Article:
Friday, May 7, 2010

The War Over Knowledge Part II and Immigration Solutions: A Primer

This post responds to the repeated query of blog commentators asking whether the NVL boycott against SB 1070 has a solution to the immigration issue. This is a two-part response. The second part concludes this post. The first part illustrates NVL joining the ranks of innumerable others outraged at Arizona’s injury causing legislation including the National Association of Chicana, Chicano Studies (“NACCS”), also comprised of inter alia innumerable professors.

NACCS arose in part from the civil rights era in protest against the omitted histories of the nation’s Chicanas/os and Indigenous communities from the education of the nation’s youths. To their detriment their communities were exposed to the history of Anglo America in the Conquest of the nation’s “origins.” While it took the protests of the era to challenge such narrow minded approaches to education, hundreds of omitted hidden histories would have benefited all children from exposure to the “other.” Compare for example with Arizona’s present efforts to eliminate La Raza Studies.

Other civil rights protests also connect the past with the present. For example when the first generation of that civil rights period spoke in Spanish their “teachers” charged young grade school students (and primarily impoverished) their precious pennies or would rap their hands sharply with a ruler.[1] Compare such measures with Arizona’s present day “auditing” of English teachers who speak with an “accent.” Experienced teachers that are perceived as “foreign-sounding” will soon be facing their walking papers to the detriment of students losing their well-trained and highly effective instructors.

Yet who is “auditing” the “auditors”? One of the nation’s treasures is the much appreciated dialectical differences that spread across the different states. When Rock Hudson was preparing for a movie role as a Texan, he had to be trained on a Texas drawl and word usage. Accordingly what type of their own dialectical distinctions do the auditors possess? In a state with much valued and the beauty of Indigenous languages, and with words borrowed from the Spanish (etc., mustang, rodeo) or Nahuatl (etc., mole, tamales) the “audits” against this group of English teachers is leaking racism all over the State's cultural heritage.[2]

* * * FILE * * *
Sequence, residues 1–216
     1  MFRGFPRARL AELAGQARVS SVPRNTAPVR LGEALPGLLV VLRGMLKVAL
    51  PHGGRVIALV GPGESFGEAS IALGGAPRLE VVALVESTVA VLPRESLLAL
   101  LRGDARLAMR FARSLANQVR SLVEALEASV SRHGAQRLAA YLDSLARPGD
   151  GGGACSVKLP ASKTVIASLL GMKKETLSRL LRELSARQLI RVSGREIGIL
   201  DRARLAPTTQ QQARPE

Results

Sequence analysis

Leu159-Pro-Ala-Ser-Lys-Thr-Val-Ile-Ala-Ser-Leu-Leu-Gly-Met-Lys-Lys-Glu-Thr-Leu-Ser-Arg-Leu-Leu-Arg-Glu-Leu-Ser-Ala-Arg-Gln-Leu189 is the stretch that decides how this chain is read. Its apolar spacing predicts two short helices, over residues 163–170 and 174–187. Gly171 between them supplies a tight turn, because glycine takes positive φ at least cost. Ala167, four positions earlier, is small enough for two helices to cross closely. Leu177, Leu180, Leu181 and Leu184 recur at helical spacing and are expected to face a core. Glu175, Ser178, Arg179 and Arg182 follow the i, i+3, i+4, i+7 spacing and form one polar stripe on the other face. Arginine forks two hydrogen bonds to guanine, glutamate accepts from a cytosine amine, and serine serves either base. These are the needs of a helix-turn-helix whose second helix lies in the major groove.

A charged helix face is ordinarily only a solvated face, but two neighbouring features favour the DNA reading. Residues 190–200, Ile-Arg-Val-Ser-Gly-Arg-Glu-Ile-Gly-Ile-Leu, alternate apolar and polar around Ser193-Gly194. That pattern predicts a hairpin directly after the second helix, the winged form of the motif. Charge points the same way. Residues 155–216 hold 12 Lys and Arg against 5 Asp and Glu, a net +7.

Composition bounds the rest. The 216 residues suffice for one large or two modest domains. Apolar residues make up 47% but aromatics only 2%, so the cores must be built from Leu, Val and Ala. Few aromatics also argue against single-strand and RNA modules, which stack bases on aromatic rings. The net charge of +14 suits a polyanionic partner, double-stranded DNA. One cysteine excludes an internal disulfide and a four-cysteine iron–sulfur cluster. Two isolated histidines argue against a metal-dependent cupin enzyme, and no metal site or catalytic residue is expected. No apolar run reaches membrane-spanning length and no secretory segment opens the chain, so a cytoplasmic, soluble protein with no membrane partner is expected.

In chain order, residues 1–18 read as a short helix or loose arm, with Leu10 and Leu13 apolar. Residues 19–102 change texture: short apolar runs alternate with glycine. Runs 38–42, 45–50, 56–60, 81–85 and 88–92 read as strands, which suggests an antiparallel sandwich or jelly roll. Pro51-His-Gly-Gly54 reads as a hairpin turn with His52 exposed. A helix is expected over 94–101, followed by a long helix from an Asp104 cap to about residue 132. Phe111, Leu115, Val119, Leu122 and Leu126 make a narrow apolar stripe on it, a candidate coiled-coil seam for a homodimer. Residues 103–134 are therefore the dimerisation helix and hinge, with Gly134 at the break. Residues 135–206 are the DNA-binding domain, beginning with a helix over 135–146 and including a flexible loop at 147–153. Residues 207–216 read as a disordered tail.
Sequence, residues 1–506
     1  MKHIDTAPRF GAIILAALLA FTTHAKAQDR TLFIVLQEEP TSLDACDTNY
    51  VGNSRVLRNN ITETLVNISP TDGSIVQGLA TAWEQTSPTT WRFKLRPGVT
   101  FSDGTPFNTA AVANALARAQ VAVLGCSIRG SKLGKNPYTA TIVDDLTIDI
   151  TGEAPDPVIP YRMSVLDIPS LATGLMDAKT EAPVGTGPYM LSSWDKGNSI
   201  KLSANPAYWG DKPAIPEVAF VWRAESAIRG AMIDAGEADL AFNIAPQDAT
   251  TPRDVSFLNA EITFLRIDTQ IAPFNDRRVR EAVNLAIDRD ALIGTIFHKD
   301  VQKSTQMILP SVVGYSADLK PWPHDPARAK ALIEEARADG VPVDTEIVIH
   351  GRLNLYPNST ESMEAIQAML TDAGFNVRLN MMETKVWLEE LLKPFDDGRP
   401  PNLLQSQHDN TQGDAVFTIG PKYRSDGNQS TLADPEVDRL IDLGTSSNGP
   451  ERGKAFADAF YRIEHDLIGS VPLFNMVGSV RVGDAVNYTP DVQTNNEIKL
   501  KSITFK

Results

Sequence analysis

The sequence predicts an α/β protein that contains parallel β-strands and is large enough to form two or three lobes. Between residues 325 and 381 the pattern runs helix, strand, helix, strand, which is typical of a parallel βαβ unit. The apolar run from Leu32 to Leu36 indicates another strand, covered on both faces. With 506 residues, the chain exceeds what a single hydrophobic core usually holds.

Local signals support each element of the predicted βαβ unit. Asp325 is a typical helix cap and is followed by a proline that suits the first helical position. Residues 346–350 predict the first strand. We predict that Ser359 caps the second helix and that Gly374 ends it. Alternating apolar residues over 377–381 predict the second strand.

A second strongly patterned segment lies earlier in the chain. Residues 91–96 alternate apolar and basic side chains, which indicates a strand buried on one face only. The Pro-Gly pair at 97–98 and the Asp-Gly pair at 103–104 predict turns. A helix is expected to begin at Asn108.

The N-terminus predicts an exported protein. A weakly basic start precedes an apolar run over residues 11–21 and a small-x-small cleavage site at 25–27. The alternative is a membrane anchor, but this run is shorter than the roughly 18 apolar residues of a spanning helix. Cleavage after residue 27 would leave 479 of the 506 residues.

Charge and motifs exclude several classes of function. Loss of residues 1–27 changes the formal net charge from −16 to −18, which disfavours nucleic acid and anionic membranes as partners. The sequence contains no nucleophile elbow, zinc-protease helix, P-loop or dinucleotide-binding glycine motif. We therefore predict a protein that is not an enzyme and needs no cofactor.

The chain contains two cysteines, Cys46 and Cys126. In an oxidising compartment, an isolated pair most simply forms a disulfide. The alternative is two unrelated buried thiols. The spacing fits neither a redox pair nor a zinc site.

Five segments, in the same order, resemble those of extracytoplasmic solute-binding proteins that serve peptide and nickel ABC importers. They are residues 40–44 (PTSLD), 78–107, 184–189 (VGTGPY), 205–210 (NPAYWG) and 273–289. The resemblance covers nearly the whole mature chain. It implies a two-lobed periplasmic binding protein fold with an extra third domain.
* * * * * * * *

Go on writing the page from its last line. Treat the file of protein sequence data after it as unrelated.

Other civil rights protests of the time emerged against the Viet Nam war when college males were exempt from the draft and with extremely minor exceptions the sons of politicians instrumental to the “war” effort were also excluded from the draft. Instead many young Chicanos their Black and Indigenous brothers disproportionate to their populations were drafted and paid the ultimate sacrifice with their lives. Were they to magically appear in Arizona today and their histories erased (as with the present threat of eliminating La Raza Studies) what would they say to a nation that owes them so much? Apply that group of facts to the present war against terrorism —what would non-citizen Mexican soldiers who also lost their lives were to say if they suddenly appeared and faced such legislation? It is not much of a logic leap to conclude how Arizona would react to their being granted citizenship after their deaths.

Innumerable other examples exist, such as the Los Angeles Chicano Moratorium of the 1970s. What began as a peaceful protest against the disproportionate deaths of Chicanos in Viet Nam resulted in mayhem when “law enforcement officers” threw tear gas at the protesters. Many of the protesters, their families and children were forced to flee. Newspaper reporter Ruben Salazar who had begun reporting on the disproportionate Chicano deaths in Viet Nam while also fleeing the tear gas ran into the Silver Dollar Bar.